Any sudden falling of water brings the beaver down post haste to the dam to repair the damage or leak. Often an otter is the cause of the trouble, as they sometimes bore a passage way under the discharge, thereby letting out a large quantity of water in a very short while.

The Indians, knowing this careful watchfulness of the beaver, use it to his destruction by purposely breaking a portion of the dam and hiding, await the coming of the little builders, shooting them at close range.

I cannot do better than to describe one of these shootings, in which I took part.

One of the principal things to observe is that the wind should be in the proper direction, i. e., from the lodge toward the dam. A day coming when the condition of the wind was favorable, we set off with our double-barrel guns, a tea kettle and some grub, and reached the discharge about 3 P. M.

The little pond was brimming full with the proper quantity of water, flowing out of the cut to insure a regular equality. The Indian studied all this, looked at the sun, and decided it was yet too early to cut the dam, and in the meantime we fixed a nice brush cache at different angles to the dam, wherein we were to sit and watch. About four o'clock the Indian hacked away at the discharge with a small pointed stick, prying several holes under and about it, and in a short time the creek below the dam became a highly turbulent stream, and then we retired to our bedded places and waited.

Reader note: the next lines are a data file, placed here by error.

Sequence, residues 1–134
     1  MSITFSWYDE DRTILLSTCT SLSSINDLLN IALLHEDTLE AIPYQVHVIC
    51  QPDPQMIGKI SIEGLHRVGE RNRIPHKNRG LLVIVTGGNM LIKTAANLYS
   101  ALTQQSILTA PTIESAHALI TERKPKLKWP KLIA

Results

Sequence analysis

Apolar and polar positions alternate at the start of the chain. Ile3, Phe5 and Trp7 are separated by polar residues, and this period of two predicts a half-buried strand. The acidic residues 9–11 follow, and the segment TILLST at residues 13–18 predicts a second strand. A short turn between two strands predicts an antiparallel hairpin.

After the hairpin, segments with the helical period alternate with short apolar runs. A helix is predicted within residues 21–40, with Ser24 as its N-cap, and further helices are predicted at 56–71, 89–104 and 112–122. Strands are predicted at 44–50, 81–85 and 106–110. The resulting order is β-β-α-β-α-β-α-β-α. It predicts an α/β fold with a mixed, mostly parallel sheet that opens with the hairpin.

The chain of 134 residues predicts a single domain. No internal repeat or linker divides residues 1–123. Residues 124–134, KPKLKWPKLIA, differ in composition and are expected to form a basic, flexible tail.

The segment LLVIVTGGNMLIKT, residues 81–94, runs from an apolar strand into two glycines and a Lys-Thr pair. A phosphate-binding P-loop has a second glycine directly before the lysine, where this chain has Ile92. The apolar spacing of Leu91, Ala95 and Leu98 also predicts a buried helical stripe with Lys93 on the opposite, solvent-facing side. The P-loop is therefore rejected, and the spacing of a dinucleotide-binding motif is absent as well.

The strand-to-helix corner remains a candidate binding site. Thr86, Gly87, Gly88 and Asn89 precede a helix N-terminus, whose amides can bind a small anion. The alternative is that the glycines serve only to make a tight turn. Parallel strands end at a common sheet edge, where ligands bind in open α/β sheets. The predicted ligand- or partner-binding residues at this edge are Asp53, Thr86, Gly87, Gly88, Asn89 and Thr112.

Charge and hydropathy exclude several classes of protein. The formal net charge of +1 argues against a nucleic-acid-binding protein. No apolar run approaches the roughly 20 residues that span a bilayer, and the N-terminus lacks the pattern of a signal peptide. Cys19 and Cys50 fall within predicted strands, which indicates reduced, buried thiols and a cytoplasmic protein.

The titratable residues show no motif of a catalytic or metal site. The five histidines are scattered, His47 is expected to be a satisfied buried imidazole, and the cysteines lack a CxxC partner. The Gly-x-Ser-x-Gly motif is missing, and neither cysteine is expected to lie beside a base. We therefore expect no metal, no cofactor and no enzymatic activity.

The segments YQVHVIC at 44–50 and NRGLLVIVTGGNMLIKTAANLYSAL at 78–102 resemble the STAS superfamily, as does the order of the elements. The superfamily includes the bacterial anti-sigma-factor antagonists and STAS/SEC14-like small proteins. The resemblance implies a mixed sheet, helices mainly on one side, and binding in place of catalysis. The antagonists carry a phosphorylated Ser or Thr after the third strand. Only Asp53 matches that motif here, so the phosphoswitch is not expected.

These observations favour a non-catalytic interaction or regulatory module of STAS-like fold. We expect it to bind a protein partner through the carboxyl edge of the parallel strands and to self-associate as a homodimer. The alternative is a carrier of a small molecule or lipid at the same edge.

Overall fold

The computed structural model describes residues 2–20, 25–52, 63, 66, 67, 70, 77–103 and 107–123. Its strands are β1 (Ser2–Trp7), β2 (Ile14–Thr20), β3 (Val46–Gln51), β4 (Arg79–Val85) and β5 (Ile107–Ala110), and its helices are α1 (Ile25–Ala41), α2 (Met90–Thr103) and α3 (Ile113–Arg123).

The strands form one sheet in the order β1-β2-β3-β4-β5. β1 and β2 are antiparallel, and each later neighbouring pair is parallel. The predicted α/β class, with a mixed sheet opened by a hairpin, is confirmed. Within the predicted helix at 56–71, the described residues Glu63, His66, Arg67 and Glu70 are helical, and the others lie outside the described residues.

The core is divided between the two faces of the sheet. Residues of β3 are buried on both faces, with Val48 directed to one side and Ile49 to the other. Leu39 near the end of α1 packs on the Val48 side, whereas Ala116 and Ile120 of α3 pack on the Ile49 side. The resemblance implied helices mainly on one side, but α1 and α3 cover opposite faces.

I might mention that the time of the year was about the tenth of October, a time when beaver are quite prime, in that north country.

We had to wait possibly an hour before the first beaver made his appearance. It was one of the parents, and judging by the speed at which he came down the pond, he must have been of turbine construction. One thing sure he was on a rush message, and wanted to get there quick. I saw the Indian's gun barrel move slightly, and when the beaver got within close distance he pulled on him, and in a few minutes the beaver lay awash close to the dam, where he was allowed to remain.

The next one that came in sight was a young one, and came my way. He met the same fate. The slight current dragged him also close to the dam, a few feet from his father or mother, as the case might be.

This double bagging was hardly over when another big one came around a point heading for the dam as the others had done. This fellow proved to be my meat also, and again a pause in the shooting.

The shadows of the evening were fast falling and we had almost given up hopes of seeing any others, when again we saw a far-off ripple of some animal swimming, and it proved to be another young one. This one took down the shore nearest to the Indian, and beat the water at his gun's shot.